Beneficiary Designations

The day Bob got hired to work for Acme, Inc. he went through a bunch of paperwork with the HR office.  He signed some forms about his health insurance, maybe an employee manual, his group life insurance beneficiary, and maybe his 401k or retirement beneficiary.  He probably named his wife, Wilma, as the primary beneficiary and his kids Scooter and Skippy as the contingent beneficiaries. At the time, 1989, that may have been fine.

The problem is things happen that we don’t expect. 1989 was the year that the Oakland A’s and the San Francisco Giant’s played in the World Series. That wasn’t expected. Either was the earthquake, during a game, that resulted in substantial devistation throughout Northern California. However, stuff does happen… and in my world that stuff is often death or divorce.

In Bob’s case he and Wilma got divorced in 2001. It was a brutal divorce. He felt Wilma got way more assets than she should have.  It might be fair to say that Bob hated Wilma. 

Fast forward to 2011, Wilma married the 22 year old tennis pro at the club, Wilma dis-owned her kids, and then Bob died.  Bob had built his 401k back up, after the divorce, and at the time of his death it was $450,000. He also had a $150,000 group life insurance policy at work. He wanted the money to go to his kids as he felt horrible about things had gone. He may have even prepared a will that said his kids get all his assets.

However, Bob made a fatal mistake in estate planning. He never checked who is death beneficiary was on his 401k or his life insurance. He simply forgot. He was so busy working and raising the kids that he forgot.

Guess who gets all that money?

The evil ex-wife, Wilma, gets all the money.  Sure there are provisions in the probate code to invalidate that transfer but what if Wilma collects the money before Scooter and Skippy realize it? What if she and the 22 year old tennis pro take the money and move to South America?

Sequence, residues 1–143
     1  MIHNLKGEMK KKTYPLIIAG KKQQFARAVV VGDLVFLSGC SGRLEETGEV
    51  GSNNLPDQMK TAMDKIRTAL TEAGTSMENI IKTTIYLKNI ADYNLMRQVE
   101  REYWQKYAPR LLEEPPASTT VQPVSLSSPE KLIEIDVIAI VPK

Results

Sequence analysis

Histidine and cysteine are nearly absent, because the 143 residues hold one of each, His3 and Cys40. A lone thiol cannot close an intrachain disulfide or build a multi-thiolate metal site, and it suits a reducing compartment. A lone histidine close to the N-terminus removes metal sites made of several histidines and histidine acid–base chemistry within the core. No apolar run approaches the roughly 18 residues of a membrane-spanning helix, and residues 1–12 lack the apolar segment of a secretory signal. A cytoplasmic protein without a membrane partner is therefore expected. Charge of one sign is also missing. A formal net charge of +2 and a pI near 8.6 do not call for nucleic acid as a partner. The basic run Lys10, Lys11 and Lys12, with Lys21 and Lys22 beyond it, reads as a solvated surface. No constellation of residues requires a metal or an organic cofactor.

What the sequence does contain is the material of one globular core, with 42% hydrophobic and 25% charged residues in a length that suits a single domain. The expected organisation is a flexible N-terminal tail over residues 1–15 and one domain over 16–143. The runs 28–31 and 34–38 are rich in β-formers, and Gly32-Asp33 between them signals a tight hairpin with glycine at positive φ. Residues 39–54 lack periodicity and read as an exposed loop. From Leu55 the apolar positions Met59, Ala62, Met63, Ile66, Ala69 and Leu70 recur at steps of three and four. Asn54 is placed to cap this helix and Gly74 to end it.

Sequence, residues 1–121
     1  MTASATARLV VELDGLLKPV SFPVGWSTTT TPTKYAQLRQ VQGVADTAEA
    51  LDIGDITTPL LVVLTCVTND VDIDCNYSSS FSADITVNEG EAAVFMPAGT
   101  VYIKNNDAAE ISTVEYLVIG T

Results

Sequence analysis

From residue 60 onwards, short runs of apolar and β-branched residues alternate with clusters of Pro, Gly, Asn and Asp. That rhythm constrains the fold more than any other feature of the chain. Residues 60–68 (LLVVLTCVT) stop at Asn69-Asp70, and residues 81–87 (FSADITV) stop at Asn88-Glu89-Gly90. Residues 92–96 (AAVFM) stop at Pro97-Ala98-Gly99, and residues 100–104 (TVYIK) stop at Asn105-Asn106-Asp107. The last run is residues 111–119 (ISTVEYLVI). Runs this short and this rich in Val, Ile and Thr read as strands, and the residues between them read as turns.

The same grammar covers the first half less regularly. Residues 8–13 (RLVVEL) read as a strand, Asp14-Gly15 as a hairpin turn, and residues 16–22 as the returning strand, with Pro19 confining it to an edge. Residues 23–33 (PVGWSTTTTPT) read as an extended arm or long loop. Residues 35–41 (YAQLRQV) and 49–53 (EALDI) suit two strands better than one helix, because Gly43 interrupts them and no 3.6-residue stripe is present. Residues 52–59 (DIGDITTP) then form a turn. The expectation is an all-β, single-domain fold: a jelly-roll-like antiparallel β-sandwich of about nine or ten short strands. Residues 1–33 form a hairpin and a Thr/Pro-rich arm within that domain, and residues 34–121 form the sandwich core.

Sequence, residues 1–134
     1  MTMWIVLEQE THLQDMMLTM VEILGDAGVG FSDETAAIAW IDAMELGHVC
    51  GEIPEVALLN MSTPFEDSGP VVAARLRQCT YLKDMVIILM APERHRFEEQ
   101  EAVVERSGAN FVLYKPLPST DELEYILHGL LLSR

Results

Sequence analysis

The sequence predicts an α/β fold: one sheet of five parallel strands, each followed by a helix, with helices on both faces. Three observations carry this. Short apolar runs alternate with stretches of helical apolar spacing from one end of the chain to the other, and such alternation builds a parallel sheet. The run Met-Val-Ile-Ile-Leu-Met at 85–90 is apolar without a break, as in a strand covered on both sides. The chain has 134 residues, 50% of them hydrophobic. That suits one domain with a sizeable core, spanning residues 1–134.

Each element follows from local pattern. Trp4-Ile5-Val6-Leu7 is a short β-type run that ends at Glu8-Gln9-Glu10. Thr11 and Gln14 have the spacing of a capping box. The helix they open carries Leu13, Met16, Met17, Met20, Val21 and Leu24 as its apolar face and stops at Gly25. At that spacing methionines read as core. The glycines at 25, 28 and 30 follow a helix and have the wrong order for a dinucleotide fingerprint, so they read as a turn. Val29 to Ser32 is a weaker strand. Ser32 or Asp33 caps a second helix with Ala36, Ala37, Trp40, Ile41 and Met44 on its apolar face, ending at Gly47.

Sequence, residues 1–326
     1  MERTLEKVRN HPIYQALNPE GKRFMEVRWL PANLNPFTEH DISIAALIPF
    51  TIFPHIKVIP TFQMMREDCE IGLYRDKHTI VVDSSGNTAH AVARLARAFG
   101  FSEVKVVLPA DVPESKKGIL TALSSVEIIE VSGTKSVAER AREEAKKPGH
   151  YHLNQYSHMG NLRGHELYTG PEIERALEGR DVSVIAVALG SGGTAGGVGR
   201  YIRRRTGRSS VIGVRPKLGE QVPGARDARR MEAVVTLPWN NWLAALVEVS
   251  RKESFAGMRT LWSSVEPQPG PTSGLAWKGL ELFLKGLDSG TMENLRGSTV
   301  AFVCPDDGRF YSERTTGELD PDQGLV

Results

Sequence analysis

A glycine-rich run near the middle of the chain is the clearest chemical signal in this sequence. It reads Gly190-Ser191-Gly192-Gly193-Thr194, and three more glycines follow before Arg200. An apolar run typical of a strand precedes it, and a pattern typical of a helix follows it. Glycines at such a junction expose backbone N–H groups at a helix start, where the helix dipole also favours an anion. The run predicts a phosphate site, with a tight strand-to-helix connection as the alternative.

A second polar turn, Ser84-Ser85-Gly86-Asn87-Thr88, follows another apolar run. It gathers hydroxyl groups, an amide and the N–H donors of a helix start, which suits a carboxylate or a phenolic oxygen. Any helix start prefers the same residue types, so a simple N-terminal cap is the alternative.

The simple point is when you do your estate plan check your beneficiary designations. Even if you are sure who the beneficiary is check it anyway!

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Powers of Attorneys and Trusts

The other day I was talking to a new client and he told me that he recorded his financial power of attorney with the county because he “had to since he has real estate.”  I can only imagine where he got this advice but it’s just simply wrong. It’s wrong for so many reasons. I should clarify he is a new client of mine so he did not get his bad advice from me!

First of all why would you ever want to record an estate planning document which includes all of your family member’s names unless you have to?  Though I am not overly concerned about my privacy I certainly do not go out of my way to publish my private information for the world to see when I don’t have to.

Second of all the recording could be done when the document was needed… IF it was ever needed.

Third for a power of attorney to be able to deal with real estate the power of attorney would have to be a “specific power of attorney” which mentions the real property specifically. That is, at a minimum, the address of the parcel needs to be listed and it probably should have the legal description as well like a deed.

Lastly, this client has a trust and the power of attorney has absolutely nothing to do with trust assets. It’s the trust that would deal with a trust asset.  Though this is the last point it’s probably the most important and the one people confuse the most.  Trusts deal with assets that are actually owned by the trust.  Powers of attorney, though similar to a trust, are totally different and only deal with assets that are not in the trust.

I encourage you to find a new attorney if your attorney gave you similar advice that this client received from his former attorney!

 -John